Thursday, December 29, 2011

Meet the Juror: A Conversation with Allyn Bromley

Yesterday’s receiving day for the 2012 Hui No’eau Annual Juried Exhibition yielded 306 original works of art from artists living on Maui, throughout Hawaii, and beyond. The Kaluanui living & dining areas, now public exhibition spaces, were bursting at the seams with art of all media. Our hard-working exhibitions & events coordinator, Rachel Edelman, could not keep the staff away from the space- our reactions to the work bouncing off the walls barely faster than the some 30 Camp Kaluanui keiki bustling through the grounds at recess. Simply put: receiving day is awesome. The energy of the artists and volunteers, the suspense of not knowing who will submit, the excitement of meeting new faces, and the exceptionally broad range of artwork making its way into the house all combine to make these days stand out as some of the most fun we see.

Today I was introduced to the woman facing the greatest challenge of all the artists combined, Honolulu-based Allyn Bromley who has been working all day to jury this most competitive exhibition. Rachel and I were invited into the Hui’s artist cottage, where she is staying while on Maui, to share some lunch together during a much-needed break and to chat about the selection process.

A bit about Allyn, who has lived and worked in Honolulu since the early 1950s before earning a BFA from the University of Hawai‘I and MFA from the University of Colorado. She has done post-graduate work at Pratt Graphic Center in Manhattan, and at Rochester Institute of Technology and the University of Washington. Allyn retired from teaching printmaking at the University of Hawai‘i in 2000 to pursue further explorations in the art of the print. Her current interests are in deconstructing the screen printed format to recombine and reconstruct images in the third dimension.

Allyn is an elegant, thoughtful, fascinating woman. When asked “so, how’s it going?” her response was this: “it’s a tough challenge being a solo juror, because the exhibition is based completely on my opinion. And my opinions are rooted in my belief that art is an important part of a social context. I see this Hui exhibition as a symposium for ideas, for taking art forward and for reflecting what we are today.” It was clear that Allyn was facing a thrilling challenge brought on by our artist community.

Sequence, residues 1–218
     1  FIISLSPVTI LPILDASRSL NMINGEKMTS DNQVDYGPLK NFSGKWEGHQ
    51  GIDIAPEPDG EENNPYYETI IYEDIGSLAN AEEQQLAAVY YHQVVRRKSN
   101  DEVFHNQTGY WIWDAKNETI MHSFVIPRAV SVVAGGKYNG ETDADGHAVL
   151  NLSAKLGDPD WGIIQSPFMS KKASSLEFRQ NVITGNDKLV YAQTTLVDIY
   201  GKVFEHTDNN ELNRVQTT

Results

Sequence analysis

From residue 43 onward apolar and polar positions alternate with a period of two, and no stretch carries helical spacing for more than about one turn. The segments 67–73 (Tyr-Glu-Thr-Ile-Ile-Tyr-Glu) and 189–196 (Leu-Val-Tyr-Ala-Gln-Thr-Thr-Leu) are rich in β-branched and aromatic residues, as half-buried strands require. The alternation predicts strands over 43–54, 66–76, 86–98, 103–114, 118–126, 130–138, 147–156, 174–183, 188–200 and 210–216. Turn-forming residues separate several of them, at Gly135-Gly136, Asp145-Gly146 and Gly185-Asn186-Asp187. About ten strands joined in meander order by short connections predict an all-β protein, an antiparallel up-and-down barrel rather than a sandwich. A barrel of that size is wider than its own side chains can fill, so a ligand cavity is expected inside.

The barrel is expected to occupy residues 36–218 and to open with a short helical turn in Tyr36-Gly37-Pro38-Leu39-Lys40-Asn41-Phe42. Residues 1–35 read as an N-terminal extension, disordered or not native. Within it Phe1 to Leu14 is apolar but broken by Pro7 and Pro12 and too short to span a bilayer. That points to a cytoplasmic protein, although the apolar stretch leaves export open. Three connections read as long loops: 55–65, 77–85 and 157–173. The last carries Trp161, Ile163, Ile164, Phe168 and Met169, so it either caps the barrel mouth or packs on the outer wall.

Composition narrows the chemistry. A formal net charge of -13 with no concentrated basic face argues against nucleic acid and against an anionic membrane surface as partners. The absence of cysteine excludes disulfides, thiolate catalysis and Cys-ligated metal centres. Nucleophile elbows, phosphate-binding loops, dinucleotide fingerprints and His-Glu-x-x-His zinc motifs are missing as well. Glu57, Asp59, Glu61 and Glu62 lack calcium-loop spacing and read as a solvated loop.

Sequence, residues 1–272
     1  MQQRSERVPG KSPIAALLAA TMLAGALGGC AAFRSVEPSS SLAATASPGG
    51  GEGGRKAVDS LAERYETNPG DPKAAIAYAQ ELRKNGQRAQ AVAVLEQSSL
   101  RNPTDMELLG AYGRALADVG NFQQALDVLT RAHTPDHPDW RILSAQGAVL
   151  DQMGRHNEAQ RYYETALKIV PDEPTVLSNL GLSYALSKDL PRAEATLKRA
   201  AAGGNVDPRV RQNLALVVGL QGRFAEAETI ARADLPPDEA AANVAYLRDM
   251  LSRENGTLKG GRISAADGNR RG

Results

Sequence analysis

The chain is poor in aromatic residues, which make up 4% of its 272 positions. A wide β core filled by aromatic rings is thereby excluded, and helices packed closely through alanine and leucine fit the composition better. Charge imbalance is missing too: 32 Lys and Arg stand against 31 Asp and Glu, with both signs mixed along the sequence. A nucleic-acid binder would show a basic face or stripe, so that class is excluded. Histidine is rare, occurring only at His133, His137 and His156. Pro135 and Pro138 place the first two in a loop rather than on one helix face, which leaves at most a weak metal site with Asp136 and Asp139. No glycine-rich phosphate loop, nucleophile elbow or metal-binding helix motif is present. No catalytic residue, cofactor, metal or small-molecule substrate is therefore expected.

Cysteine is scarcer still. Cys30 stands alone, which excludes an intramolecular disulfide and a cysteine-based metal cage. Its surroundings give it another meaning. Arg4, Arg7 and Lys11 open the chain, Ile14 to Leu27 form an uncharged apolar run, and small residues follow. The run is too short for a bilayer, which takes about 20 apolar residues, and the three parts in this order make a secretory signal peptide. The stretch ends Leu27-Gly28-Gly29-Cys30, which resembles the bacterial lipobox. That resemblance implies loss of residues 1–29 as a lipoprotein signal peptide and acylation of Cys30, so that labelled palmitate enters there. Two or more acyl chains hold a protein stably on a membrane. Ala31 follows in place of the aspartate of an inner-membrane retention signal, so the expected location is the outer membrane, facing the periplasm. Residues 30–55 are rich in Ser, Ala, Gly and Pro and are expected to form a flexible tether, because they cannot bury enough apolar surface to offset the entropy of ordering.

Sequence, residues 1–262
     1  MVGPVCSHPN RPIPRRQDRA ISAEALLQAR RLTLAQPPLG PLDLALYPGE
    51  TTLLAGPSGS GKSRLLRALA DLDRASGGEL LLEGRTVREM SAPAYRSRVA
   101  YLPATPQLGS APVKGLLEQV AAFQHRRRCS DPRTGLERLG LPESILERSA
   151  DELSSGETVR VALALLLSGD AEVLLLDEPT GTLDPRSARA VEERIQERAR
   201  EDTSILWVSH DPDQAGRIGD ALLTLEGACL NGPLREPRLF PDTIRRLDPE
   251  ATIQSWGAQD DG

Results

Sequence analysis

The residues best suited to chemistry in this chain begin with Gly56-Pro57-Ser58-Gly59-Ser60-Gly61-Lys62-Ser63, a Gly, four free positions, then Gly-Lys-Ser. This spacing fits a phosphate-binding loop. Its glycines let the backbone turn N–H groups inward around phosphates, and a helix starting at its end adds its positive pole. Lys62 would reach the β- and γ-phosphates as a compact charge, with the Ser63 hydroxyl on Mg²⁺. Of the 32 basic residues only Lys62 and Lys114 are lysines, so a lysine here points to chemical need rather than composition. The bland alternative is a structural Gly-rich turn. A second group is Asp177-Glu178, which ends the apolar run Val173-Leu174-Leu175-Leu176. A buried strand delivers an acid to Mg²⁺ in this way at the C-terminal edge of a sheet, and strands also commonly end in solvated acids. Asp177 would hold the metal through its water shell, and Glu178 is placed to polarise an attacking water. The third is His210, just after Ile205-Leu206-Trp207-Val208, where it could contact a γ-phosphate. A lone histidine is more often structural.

I proceeded to explain to Allyn that one of the greatest challenges we face is responding to the artists whose work was not selected by a given juror. In other words, “why are you making the selections you’re making?”

“So much of what I’m seeing is skillful, beautifully crafted, or dazzling- but lacking the relevance needed to actively engage in a communal discussion," she responded, "This is a forum beyond the decorative. In some cases I was drawn to pieces that I would hang in my own home, but this was not their place. Many other pieces simply needed their own, separate space, and by including them here the whole room would have been thrown off. Then there were pieces selected for the exhibition that don’t speak to me, but I found it important that they be SEEN. They have formal values, things about them that are interesting, they’re provocative, they represent new ideas.”

Ultimately, Allyn is creating a cohesive, visual conversation with the space offered to her. In her artist’s statement, she uses key words like structure and technical skill as well as sincerity and passion.

When asked what it was like to observe Allyn’s process, Rachel responds, “She has been incredibly thoughtful. Every piece has had an equal opportunity to be included. Lots of time went into the selection process. The “logic vs. instinct” dichotomy she explained in her lecture last night was clearly visible- and her instinct does not trump the logic here.”

“I’m a mother and a teacher,” continued Allyn, “I want to encourage people and I want everybody to be realized in their artistic endeavors, which makes the jurying process even more difficult for me. I almost feel like a midwife whose responsibility is to assist in putting something out into the world that will take the whole dialogue of art further. Art must be intellectually challenging. We’re not here to passively look at what has been said over the years, no matter how beautiful it is, it has to be reflective of who we are as a people.”

Please join us next Friday, January 6th at 5 pm to view the final selections, meet many of the artists, and have a first chance to make a purchase. All sales support the educational programs of Hui No’eau, one of Maui’s only remaining nonprofit visual arts education center.

Mahalo nui loa to Jack & Carolyn Schaefer Gray, Robert & Frances Davidson, and Louis & Jolene Cole for sponsoring this important exhibition.

-Kelly McHugh, Youth Programs & Marketing Manager

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